At Maplewood Bog, in the clearing where we have our banding station set up, there is a large patch of bright yellow wildflowers. I think these are Woodland Sunflowers, Helianthus strumosus, a relative of the common giant sunflowers often planted in gardens or as crops for their seeds, although there are a few members of the genus Helianthus that look similar. They are lovely, bright, cheerful flowers that add quite a bit of colour to the meadows and hillsides in the region. In most areas I just see them in small patches, but at Maplewood, and more specifically at the banding spot, they cover a broad expanse of the grassy clearing.
In between my net checks (we alternate, I do one then Dan does the next, which gives us time to band any birds we collect or have a snack if we need), I’ve taken to poking around the meadow to see what’s new. A couple of visits ago I found this spider tucked in one of the flowers. I’m still not sure of the species, although it appeared to be a male because of the large appendages out front (pedipalps, used in mating). There was another on a nearby flower. Intrigued, I started checking other flowers to see if I could find more of the spiders. I didn’t, but I turned up some other interesting critters.
I decided to see just how many species of invertebrate I could find on the sunflowers, either using the plants for food or simply as substrate for resting. Here’s a collection of most of the other stuff I found during our last two visits (I missed a few species that were too quick for the camera). I haven’t identified many of the species, because there were a lot of them, but have included IDs for a few.
There’s a lot more happening out there than you might first suspect! Take a moment to slow down and look more closely, you might be surprised at what you find.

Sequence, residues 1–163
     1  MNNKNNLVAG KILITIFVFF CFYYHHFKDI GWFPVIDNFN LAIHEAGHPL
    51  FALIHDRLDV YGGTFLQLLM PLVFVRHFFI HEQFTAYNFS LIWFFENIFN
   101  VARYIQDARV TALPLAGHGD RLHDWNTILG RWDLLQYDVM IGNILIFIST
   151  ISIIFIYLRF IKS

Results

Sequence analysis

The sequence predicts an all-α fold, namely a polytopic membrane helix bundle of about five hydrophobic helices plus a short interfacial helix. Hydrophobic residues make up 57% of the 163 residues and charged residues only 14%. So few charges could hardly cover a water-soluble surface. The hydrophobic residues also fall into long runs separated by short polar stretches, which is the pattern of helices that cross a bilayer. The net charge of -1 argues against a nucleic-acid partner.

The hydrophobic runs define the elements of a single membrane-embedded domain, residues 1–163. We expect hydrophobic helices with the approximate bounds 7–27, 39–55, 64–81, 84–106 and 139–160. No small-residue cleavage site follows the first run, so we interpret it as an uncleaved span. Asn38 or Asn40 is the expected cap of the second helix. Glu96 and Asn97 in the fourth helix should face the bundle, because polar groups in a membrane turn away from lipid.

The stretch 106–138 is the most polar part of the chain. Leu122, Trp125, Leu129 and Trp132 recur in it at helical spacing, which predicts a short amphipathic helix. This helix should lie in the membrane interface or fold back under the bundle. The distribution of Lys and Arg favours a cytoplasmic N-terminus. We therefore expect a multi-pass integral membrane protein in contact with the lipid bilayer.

11 thoughts on “Small-scale biodiversity”
That’s an amazing set of photographs!
It’s a little bit of laziness, but mostly frustration at inadequate insect field guides, but I couldn’t begin to identify so many species. It’s wonderful to see (almost) all of their names.
Also, I’m a sucker for spiderlings. :o)
Thanks, Jain! The best field for insects is by far and away the Kaufman Field Guide to Insects of North America, by Eric Eaton and Kenn Kaufman. I use this for nearly all my insect identification, and even if it doesn’t have the exact species I’m looking at, it usually has a representative of the genus. If I want to confirm a likely candidate, or look up possible sister species, I usually go to BugGuide.net, which is a fabulous online resource for insects and other invertebrates – it includes a section where you can submit your own photos for expert identification.
Thanks for the tips! I haven’t purchased a guide in many years so wasn’t familiar with the Kaufman Guide – I’ll get it. I’ve popped into BugGuide.net from time to time, but this time, I actually bookmarked it!
I went through a period where I had to identify everything, sometimes succeeded, sometimes frustrated, then I got complacent about the whole thing, I guess. It’s time to get excited again.
Way cool. I really liked the composition in the aphid, spider and N. Bluet photos. I’m surprised you didn’t find a crab spider. I have been finding some of them lately in my black eyed susans. Isn’t nature grand!
The first time I found a sweat bee I had trouble identifying it because I assumed it was a fly, like all the other bee-like creatures I had been looking at. This summer I have been amazed at the diversity that one can find in a small garden, and even on the same plant.
And I should add – some of these photos are really good.
Evidently the woodland sunflower is host to a large part of the insect world. Amazing thread of photos to represent your findings.
Amazing shots and a wonderful topic! Thanks for sharing.
I don’t know the names of anywhere near the bugs you do…what FUN!
What a great collection of photos! I’ve become fascinated with insects and other invertebrates in this last year. I was just on a birding field trip today (I know, middle of the summer!), and found myself looking down more than up.
Hi there! I just want to give a huge thumbs up for the great
data you have right here on this post. I will probably be coming back to your blog for more soon.